Flipping is not disruptive
Posted March 5, 2015on:
I revisited my videos on flipped learning as I am facilitating a series of workshops for a few schools this month.
In my introductory video on flipped learning, I mentioned that one of my bugbears is people showing photos of upside down classrooms or lecture halls to illustrate flipping.
The problem with such illustrations is that they imply that one is turning what is rightside up upside down. This in turn implies that current classrooms practices are the right way up (many are not) and that flipping is a source of disruption (it is not).
I have written before how flipped classrooms do not necessarily change teaching because it may not change what a teacher does, e.g., preparing content, delivering it, getting students to practice, testing for understanding. Flipped learning, particularly my three dimensions that focus on learners creating content and teaching it, are more likely sources of change    .
If you studied how modern schooling evolved, you would realize that the schools and classrooms that we know today are quite unusual. In some ways, flipping is a modified return to an older, more human way of educating.
The mainstream and modern schools that we know today are quite different from the academies and school-like practices of the ancient Greeks, Chinese, Indians, Byzantines, Romans, and Ottomans. Our schools, with age segregation, academic subject silos, and tests, are arguably linked more to the demands of the Industrial Revolution and modelled against its processes.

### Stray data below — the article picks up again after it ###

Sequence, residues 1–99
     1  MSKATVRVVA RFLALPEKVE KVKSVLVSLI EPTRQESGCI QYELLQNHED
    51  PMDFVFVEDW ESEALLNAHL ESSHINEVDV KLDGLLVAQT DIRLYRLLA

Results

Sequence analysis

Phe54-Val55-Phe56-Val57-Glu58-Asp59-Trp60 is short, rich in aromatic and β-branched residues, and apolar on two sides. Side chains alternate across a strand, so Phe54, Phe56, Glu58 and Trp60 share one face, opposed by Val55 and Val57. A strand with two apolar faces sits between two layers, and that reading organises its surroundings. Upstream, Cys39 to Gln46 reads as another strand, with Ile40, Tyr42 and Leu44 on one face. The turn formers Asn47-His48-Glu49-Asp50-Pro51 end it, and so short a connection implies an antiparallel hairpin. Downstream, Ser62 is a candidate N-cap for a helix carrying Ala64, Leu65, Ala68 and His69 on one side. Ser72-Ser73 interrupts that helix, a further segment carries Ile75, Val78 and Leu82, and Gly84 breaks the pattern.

Prior to modern schooling, it was not unusual for learners to be grouped less dependently of their ages and to be taught in what we might call cross or interdisciplinary ways. The number of learners in such groups was relatively small, testing as we know today was rare, and coaching or individualized instruction more common.
We would like to think of life being simpler then with concerns that were less burdensome than today. But a keen student of history might point out that every generation had problems that were disproportionately large to the solutions at hand.
Despite our selfish view that we live a more complex life and are mere shrapnel in an information explosion, we are revisiting an almost agrarian, pre-industrial form of learning. Apprenticeships, mentoring, individualized coaching, and personal learning. The NYT has a recent and excellent article that elaborates on this.
Often we are leveraging on technologies to do this. Tuition agencies have started offering YouTube videos to match tutors with tutees; Sugata Mitra has his “granny cloud”; classrooms and boardrooms, studies and cubicles all over the world are connecting with Google Hangouts, Skype, or other connectivity platforms; learners are curating their own courses or taking what they want from MOOCs.
Flipping is not causing disruption. It is causing a return to what people need and want for learning. It is making things right.